-- Just days after hastily abandoning a short-lived exploration of
taking Tesla Inc. private, Elon Musk returned to Twitter to showcase
the impulsiveness that’s raised the eyebrows of investors and
regulators alike lately.
a series of posts Tuesday, the unpredictable chief executive officer
denied that he cried during a New York Times interview earlier this
month. Musk then couldn’t resist trading barbs with a follower who
criticized him for calling a cave explorer in Thailand a
pedophile back in July.
steered clear of making any assertions about Tesla, a key
distinction from his posts that are said to be under
investigation by the Securities and Exchange
Commission. But the missives served as fresh reminders of Musk’s
erratic Twitter tendencies and reinforced concerns about whether he
can adhere to the SEC’s rules, now that he’s decided Tesla will stay
public and continue to fall under the agency’s oversight.
not going to become a typical CEO, so the question is whether he’s
going to make statements that run afoul of securities laws,” said
Ken Bertsch, an executive director at the Council of Institutional
Investors, a trade group that represents public pension funds that
own Tesla shares. With the SEC, Musk is “going to be on a shorter
leash,” Bertsch said. “And I’m sure the company’s lawyers are
telling him that.”
SEC hasn’t acknowledged that it’s investigating Tesla, and Ryan
White, a spokesman for the agency, declined to comment for this
story. A Tesla spokesman also declined to comment.
of the electric-car maker slipped 1.2 percent as of 10:24 a.m.
Wednesday in New York to $308.24. They have fallen 20 percent from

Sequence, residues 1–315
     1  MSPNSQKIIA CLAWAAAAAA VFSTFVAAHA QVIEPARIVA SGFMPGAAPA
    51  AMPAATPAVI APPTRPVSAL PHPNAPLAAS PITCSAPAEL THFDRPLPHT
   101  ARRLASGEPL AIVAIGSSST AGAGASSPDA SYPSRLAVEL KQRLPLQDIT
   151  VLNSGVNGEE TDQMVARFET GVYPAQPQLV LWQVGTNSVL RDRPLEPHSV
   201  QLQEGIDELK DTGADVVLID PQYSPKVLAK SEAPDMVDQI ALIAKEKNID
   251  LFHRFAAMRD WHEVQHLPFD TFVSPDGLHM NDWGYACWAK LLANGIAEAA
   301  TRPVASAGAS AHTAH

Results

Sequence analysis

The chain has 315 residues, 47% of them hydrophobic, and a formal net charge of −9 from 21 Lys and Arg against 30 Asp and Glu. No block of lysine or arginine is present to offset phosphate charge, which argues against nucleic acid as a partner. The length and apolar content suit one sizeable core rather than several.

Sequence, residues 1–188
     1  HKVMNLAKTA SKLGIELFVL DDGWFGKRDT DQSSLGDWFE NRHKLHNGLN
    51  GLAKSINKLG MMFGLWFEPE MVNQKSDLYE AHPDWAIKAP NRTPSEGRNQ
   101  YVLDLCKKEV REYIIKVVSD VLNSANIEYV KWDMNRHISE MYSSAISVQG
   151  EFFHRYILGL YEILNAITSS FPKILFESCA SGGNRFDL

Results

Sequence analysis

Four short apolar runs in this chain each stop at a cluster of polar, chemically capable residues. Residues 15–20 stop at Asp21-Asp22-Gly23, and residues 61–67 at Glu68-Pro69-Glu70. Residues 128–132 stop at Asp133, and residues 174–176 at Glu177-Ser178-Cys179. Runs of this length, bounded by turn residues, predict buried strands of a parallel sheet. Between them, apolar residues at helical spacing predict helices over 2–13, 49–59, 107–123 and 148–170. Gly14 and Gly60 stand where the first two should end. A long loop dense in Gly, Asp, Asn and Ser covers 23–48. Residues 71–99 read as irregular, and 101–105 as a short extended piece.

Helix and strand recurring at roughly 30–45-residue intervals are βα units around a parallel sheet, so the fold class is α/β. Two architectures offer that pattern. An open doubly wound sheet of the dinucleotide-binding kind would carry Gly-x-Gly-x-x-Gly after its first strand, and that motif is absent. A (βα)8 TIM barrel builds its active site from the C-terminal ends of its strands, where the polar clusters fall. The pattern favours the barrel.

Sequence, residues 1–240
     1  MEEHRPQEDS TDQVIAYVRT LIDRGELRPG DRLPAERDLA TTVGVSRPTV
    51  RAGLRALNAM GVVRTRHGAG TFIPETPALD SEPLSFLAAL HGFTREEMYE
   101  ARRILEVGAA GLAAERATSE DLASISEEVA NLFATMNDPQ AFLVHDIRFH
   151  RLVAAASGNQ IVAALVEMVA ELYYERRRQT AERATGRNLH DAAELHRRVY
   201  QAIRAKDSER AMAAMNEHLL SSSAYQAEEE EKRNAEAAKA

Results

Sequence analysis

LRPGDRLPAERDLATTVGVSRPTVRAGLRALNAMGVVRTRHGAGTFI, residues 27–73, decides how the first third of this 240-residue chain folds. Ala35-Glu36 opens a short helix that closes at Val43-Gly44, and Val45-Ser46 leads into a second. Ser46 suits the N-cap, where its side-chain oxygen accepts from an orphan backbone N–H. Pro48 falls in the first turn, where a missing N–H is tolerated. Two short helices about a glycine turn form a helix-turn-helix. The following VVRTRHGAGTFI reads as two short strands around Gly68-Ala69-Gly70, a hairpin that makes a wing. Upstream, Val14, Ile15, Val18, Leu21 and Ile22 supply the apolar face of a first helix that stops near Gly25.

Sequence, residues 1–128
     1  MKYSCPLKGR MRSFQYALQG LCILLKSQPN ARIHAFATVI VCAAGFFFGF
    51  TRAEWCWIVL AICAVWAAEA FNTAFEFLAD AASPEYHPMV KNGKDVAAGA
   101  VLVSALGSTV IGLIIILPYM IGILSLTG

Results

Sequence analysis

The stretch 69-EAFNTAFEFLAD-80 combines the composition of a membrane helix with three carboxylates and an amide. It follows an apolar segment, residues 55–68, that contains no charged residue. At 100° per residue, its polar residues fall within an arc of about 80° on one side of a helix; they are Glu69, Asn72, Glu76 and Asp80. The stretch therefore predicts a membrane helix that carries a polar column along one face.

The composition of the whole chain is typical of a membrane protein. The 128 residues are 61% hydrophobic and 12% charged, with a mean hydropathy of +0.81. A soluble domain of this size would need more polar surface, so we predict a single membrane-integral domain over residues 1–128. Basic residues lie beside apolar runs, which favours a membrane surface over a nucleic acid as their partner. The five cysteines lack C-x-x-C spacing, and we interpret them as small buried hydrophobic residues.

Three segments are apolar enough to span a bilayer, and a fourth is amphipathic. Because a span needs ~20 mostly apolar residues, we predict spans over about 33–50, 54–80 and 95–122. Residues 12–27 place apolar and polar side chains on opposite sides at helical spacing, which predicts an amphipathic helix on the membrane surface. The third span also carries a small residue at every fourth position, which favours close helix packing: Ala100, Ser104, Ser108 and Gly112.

the high of $387.46 reached on Aug. 7.
when Musk started 17
days of drama with his tweet that he had
“funding secured” to take Tesla private, without sharing evidence
that investor money was indeed lined up. Generally, the SEC
considers statements by executives to be material information that
have to be true, and the comment prompted a subpoena from the
Musk has changed course Friday and pledged to
keep Tesla public, one of the biggest risks he faces is that the SEC
will try to bar him from being an officer or a director of a public
company. This level of punishment often stings much more than any
fine, which is why most companies aggressively resist it in
settlement negotiations with the regulator.
attention that the go-private-or-not saga generated from Wall Street
and the government fueled
speculation that Musk may start to tone down
his presence on social media, perhaps at the urging of Tesla’s
board, which was put on the defensive by the episode. The company’s
chairman and biggest shareholder deactivated his
Instagram account last week.
Musk’s decision to continue to respond to critics on Twitter
indicates he won’t change easily, said Charles Elson, a University
of Delaware finance professor who specializes in corporate
someone has engaged in a course of behavior for some time, it’s
usually difficult to change,” Elson said. “I don’t think a CEO
should be on Twitter; I would have hoped that would have been the
lesson. Obviously, it’s not.”
be sure, Musk’s comments Tuesday didn’t delve into topics that are
likely to upset the SEC. Still, his decision to keep Tesla public
may mean the agency keeps a close eye on his public statements for
the foreseeable future.
SEC already had been investigating whether Musk’s vehicle production
forecasts may have misled investors before the regulator started
scrutinizing whether he had secured funding for a Tesla buyout,
Bloomberg News reported on
of Musk’s predictions have been way off. Musk said during a May 2016
earnings call that, during the second half of 2017, he expected
Tesla would produce between 100,000 and 200,000 Model 3 sedans --
the lower-priced car that’s pivotal to the company generating
profit. Tesla ended up building fewer than 3,000 Model 3s in last
year’s second half.
Fisch, a co-director for University of Pennsylvania Law School’s
Institute for Law and Economics, said that Musk’s use of social
media to share important information is increasingly common among
technology executives, particularly those on the West Coast.
lot of these companies, their business models are about pushing the
envelope on regulation,” she said. “If that’s the mindset for your
business model, it makes sense that’s going to carry over with how
you communicate with shareholders.”
For more on
Tesla, check out the Decrypted podcast: